By Michael Roppolo
An elephant on acid? A rat who can’t understand Japanese backwards? A scientist is meant to be inquisitive and investigative. But there are some experiments that toe the border between common sense and sheer dumbness.
Head banging is bad for you
The next time you go to a heavy metal concert, Australian scientists warn, don’t head bang.
Two University of New South Wales scientists, Declan Patton and Andrew McIntosh, were interested in the risks associated with head banging. They found that when the range of motion is greater than 75 degrees, there is a greater risk of mild head injury as well as neck injury.
After interviewing multiple head bangers, Patton and McIntosh recommended that head bangers should “head bang to slower tempo songs … only head bang to every second beat, or use personal protective equipment.”
Animals on acid
When a human gets high on lysergic acid diethylamide — that’s the drug LSD, or as it is more commonly known, acid — they often undergo a “marked mental disturbance,” including paranoia and aggressiveness. An overdose of the drug can kill you.
But, what about larger animals, like elephants?
In the 1960s, Dr. Warren Thomas and a few of his colleagues tried to recreate the phenomenon of an elephant going on musth, a period of aggression in male elephants. In an effort to fully understand the brain pattern of an elephant during this period, Thomas injected an elephant named Tusko with 1.5 million units of LSD.
After becoming aggressive, he began “to sway, his hindquarters buckled.” Nearly two hours later, Tusko died.
Afterwards, Thomas concluded that “it appears that the elephant is highly sensitive to the effects of LSD.” This may offer insight into the cause of death should a lethal overdose be taken by a human, he added. Really.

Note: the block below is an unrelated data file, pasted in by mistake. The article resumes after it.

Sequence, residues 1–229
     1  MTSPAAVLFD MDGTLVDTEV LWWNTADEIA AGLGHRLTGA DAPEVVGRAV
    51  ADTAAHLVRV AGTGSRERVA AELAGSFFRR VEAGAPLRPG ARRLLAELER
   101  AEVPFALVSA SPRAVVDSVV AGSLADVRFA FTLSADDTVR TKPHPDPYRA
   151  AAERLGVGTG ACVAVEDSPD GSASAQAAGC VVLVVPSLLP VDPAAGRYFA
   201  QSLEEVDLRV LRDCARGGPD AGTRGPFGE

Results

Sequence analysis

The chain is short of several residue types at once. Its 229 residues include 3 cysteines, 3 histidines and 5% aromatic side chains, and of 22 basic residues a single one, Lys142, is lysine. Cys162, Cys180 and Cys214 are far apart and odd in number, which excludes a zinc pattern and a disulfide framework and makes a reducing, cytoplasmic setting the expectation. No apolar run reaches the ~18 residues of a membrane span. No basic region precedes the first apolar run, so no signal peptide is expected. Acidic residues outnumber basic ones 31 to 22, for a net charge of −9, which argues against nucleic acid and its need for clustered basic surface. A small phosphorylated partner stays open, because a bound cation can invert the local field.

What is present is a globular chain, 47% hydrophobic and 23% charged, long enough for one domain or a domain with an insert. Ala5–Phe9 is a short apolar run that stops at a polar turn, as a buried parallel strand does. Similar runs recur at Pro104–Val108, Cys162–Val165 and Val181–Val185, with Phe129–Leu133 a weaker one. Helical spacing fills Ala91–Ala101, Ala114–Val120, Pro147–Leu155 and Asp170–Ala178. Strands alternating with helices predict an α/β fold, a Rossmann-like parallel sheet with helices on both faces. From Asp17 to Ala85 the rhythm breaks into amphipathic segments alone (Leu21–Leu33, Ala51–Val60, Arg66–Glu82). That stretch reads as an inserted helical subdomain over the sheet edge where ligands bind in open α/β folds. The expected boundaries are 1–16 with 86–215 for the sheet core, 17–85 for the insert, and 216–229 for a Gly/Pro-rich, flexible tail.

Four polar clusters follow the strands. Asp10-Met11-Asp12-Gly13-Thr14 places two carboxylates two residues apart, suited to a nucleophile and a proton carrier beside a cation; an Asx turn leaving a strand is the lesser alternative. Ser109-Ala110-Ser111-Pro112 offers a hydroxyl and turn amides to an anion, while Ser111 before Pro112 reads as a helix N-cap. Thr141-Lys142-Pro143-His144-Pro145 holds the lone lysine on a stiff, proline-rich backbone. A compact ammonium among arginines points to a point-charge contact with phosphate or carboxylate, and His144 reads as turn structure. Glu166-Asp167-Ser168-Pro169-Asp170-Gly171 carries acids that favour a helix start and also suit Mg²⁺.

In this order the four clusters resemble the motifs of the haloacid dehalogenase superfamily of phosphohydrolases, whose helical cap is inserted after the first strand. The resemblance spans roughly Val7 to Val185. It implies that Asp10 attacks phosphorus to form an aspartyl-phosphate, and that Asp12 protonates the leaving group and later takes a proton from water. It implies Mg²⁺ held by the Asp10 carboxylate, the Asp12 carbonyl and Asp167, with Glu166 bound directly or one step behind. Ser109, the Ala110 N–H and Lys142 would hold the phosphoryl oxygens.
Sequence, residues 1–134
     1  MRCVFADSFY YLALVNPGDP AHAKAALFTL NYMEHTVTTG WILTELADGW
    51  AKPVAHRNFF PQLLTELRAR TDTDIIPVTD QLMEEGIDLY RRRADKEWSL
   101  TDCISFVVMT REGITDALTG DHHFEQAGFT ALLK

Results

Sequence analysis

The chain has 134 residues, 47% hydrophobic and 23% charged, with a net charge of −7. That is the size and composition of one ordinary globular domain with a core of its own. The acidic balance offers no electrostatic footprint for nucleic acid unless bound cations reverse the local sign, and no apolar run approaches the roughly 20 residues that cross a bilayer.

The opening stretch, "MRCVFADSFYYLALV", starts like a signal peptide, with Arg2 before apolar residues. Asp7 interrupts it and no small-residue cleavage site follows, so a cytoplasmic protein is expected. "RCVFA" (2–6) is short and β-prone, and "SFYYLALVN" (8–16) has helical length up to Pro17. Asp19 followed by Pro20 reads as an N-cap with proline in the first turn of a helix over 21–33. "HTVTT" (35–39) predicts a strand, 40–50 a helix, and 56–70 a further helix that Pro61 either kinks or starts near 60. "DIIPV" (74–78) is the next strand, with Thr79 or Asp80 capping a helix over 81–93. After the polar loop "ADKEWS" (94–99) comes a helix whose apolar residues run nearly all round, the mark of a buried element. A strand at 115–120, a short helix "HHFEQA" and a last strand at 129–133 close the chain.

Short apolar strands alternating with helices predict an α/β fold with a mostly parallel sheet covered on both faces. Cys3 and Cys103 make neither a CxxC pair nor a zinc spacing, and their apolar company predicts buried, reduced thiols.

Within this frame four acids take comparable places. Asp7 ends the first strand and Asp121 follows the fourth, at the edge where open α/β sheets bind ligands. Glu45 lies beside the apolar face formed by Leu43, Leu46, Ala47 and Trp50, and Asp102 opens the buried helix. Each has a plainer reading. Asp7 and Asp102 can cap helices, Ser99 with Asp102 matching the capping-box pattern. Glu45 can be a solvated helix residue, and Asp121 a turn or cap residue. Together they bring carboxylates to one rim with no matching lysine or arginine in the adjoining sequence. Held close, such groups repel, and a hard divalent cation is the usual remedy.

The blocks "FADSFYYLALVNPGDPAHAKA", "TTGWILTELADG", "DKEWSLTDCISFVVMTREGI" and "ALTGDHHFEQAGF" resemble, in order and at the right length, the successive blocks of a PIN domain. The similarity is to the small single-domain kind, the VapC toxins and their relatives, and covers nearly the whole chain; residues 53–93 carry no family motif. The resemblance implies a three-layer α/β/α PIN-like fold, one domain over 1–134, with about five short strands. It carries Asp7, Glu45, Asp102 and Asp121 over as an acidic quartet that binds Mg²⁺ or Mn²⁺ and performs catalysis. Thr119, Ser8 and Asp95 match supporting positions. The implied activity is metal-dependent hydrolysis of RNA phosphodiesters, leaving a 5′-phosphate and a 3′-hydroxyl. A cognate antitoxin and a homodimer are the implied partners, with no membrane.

Scientists train Japanese-speaking rats (sort of)
If you watch a video backwards, can you understand what people are saying?
Neither do rats, one study shows.
In the early 2000s, Juan Toro and his colleagues demonstrated that rats and other species can discriminate sentences in two languages – Dutch and Japanese – when played forward, but not backwards. After conducting the experiment, the scientists concluded that when languages are played backwards, features that could help the rats differentiate between Dutch and Japanese were distorted to the point that that “none of the … species could effectively discriminate between sentences when played this way.”
Wearing socks over your shoes reduces your chances of slipping on ice
The next time you’re walking on a slippery sidewalk, try wearing your socks over your shoes.
A study was conducted by New Zealand scientists who wanted to know if wearing socks over shoes improved traction on icy sidewalks.
After conducting an experiment with 29 people, of whom two-thirds had previously fallen on ice, scientists found that wearing socks over their shoes was associated with “a statistically significant improvement in traction.”
The only adverse effects reported were “short periods of indignity for some members of the intervention group.”